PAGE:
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Re: How to deal with non-RFC IRIs in Turtle?

From: Andy Seaborne <andy@seaborne.org>
Date: Sun, 4 Mar 2018 10:43:23 +0000
To: semantic-web@w3.org
Message-ID: <b00e53d4-860c-05ee-74a1-641b022582fa@seaborne.org>
Hi Wouter,

The idea of having the rule

      IRIREF ::= '<' ([^#x00-#x20<>"{}|^`\] | UCHAR)* '>'

in the grammar is not that is an IRI but that it generates an unicode 
string that is processed further.  It does exclude many cases of not 
being a IRI. Other validation would also be applied, possibly by a 
different software.

Having the full IRI grammar was thought (by the SPARQL 1.0 WG, IIRC) to 
make the grammar large, and also having a language-in-a-language makes 
the implementation barrier higher. It would make using parser generators 
tools harder as the token set changes.

IRI validation might also be used elsewhere as well so there is the 
issue of having the IRI process implemented twice.

Both Turtle and SPARQL say it must be an IRI. This includes ones formed 
using prefixed names and any scheme specific conditions.

Resolving IRIs is not part of the grammar, the grammar emits a unicode 
string which must be further processed

The grammar is one step in producing RDF data. In the Turtle spec, 
section 7 is preformed on the output of the grammar parsing including:

7.2 RDF Term Constructors
6.3 IRI References

     Andy

On 03/03/18 12:55, Wouter Beek wrote:
> Hi Semantic Web community,
> 
> To what extent are Turtle parsers allowed to parse IRIs that do not
> conform to the official IRI grammar, as defined in RFC 3987, and how
> to deal with issues that arise from the under-specification of IRI
> resolution for such non-RFC IRIs?
> 
> Firstly, the Turtle standard does not explicitly state that the IRI
> terms it uses should follow the RFC 3987 grammar.  The RFC 3987
> specification is mentioned several times, but only in relation to
> making relative IRIs absolute w.r.t. a given base URI, and in relation
> to security issues (Appendix B).
> 
> As a side note, the SPARQL standard does explicitly mention that its
> IRI terms should be in line with RFC 3987:
> 
>      [1] "The `iri' production designates the set of IRIs [RFC3987];"
> 
> Secondly, the BNF grammar of the Turtle standard does not follow the
> RFC grammar at all:
> 
>      IRIREF ::= '<' ([^#x00-#x20<>"{}|^`\] | UCHAR)* '>'
> 
> In practice, many Turtle parsers seem to implement this grammar rule,
> which allows non-RFC IRIs to be parsed.  This implies that Turtle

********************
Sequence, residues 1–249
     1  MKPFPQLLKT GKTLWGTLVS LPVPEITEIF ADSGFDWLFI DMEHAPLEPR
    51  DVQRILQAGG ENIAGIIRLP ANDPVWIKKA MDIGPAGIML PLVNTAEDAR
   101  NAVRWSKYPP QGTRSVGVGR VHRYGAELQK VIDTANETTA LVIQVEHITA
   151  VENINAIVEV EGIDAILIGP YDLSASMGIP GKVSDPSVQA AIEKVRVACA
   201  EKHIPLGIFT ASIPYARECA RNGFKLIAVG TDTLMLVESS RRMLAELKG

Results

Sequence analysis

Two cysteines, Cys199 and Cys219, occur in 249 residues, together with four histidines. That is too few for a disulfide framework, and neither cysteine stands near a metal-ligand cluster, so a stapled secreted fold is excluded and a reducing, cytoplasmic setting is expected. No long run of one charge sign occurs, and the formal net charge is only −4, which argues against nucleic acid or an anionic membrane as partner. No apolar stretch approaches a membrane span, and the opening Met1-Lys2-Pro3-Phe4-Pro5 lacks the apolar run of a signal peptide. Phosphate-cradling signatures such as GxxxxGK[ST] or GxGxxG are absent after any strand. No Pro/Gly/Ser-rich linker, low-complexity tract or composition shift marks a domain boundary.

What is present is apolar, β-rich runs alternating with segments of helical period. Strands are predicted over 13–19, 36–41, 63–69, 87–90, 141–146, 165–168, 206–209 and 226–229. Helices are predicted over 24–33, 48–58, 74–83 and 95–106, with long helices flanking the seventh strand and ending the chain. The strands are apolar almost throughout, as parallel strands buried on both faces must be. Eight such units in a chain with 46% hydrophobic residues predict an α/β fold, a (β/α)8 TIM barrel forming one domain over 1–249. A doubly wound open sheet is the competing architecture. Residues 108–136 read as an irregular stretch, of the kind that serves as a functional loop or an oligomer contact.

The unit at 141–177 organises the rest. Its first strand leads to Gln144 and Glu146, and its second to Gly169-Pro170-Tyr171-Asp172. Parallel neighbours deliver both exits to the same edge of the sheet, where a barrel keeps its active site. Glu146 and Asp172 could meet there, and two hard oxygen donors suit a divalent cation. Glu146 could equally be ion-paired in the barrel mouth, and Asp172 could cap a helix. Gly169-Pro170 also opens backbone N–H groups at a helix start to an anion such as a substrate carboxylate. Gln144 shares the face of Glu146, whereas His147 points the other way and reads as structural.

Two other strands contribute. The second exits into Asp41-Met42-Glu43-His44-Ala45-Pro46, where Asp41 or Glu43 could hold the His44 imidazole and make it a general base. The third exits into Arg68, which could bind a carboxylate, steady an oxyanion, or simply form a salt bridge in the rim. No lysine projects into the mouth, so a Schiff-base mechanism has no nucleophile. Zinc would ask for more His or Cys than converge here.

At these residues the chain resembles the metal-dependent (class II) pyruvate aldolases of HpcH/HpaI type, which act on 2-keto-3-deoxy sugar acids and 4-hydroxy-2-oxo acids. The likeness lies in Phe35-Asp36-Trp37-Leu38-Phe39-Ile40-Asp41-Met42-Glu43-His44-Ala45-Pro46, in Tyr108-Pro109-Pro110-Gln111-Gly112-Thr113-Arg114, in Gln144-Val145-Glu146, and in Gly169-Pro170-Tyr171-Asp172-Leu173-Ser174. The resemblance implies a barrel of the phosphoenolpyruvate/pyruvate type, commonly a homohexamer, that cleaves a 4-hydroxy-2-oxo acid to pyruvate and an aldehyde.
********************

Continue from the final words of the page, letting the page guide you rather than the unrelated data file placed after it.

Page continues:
> parsers allow non-RDF data to be parsed, since "An IRI within an RDF
> graph is a Unicode string that conforms to the syntax defined in RFC
> 3987" (RDF 1.1 Abstract Syntax).
> 
> Thirdly, according to the Turtle specification, a Turtle parser must
> resolve relative IRIs w.r.t. a base IRI, according to RFC 3986.  This
> seems to require at least a partial implementation of the URI grammar
> defined in RFC 3986 and/or the IRI grammar defined in RFC 3987.
> Otherwise, a Turtle parser would be unable to make the distinction
> between relative and absolute IRIs in the first place.
> 
> Furthermore, the difference between relative and absolute IRIs is
> rather subtle.  It is not immediately clear whether a simple heuristic
> exists that can be used to make this distinction reliably (except for
> implementing the RFC grammars, that is).  To give a concrete example:
> the first segment of an IRI path is not allowed to contain a colon
> (but subsequent path segments are allowed to contain colons).  This
> subtlety requires a Turtle parser to understand (i) what the IRI path
> component of a given IRI string is, (ii) how it is different from the
> IRI scheme and IRI authority components that precede it, and (iii) how
> the IRI path component is itself subdivided into different segments.
> None of this is entirely trivial, and all of this is needed in order
> to determine whether an IRI like [2] is relative or absolute.
> 
>      [2] x::
> 
> Finally, the Turtle standard does not describe how/whether Turtle
> parsers should distinguish between absolute and relative
> non-RFC/non-RDF IRIs.  As a consequence, different Turtle parsers
> implement different ways of resolving such Turtle-specific IRIs.  As an
> example, input file [3] is parsed as triple [4] in N3.js, but as triple [5] in
> Serd and Rapper.  There is no clear right or wrong here, because the
> Turtle standard does not define whether/how non-RFC/non-RDF IRIs
> like `_:s` should be resolved.
> 
>      [3] base <b:b>
>          <_:s> <p> <o> .
>      [4] <b:b_:s> <b:p> <b:o> .
>      [5] <b:_:s> <b:p> <b:o> .
> 
> So, my questions are as follows:
> 
>    1. Is the distinction between RFC IRIs and non-RFC IRIs in the
>       Turtle standard intentional?
> 
>    2. If so, what is the main use case for the Turtle standard allowing
>       documents to contain non-RFC IRIs?  (I was under the impression
>       that Turtle was only intended for serializing RDF data.)
> 
>    3. In the absence of a clear definition of absolute and relative
>       non-RFC IRIs, should non-RFC IRIs be resolved at all?  Since
>       Turtle parsers must implement the RFC grammars anyway (in order
>       to distinguish relative RFC IRIs from absolute RFC IRIs), they
>       should also be able to distinguish between RFC IRIs (which must
>       be resolved according to the RFC standard) and non-RFC IRIs
>       (which must not be resolved).
> 
> ---
> Cheers!,
> Wouter Beek.
> 
Received on Sunday, 4 March 2018 10:43:49 UTC

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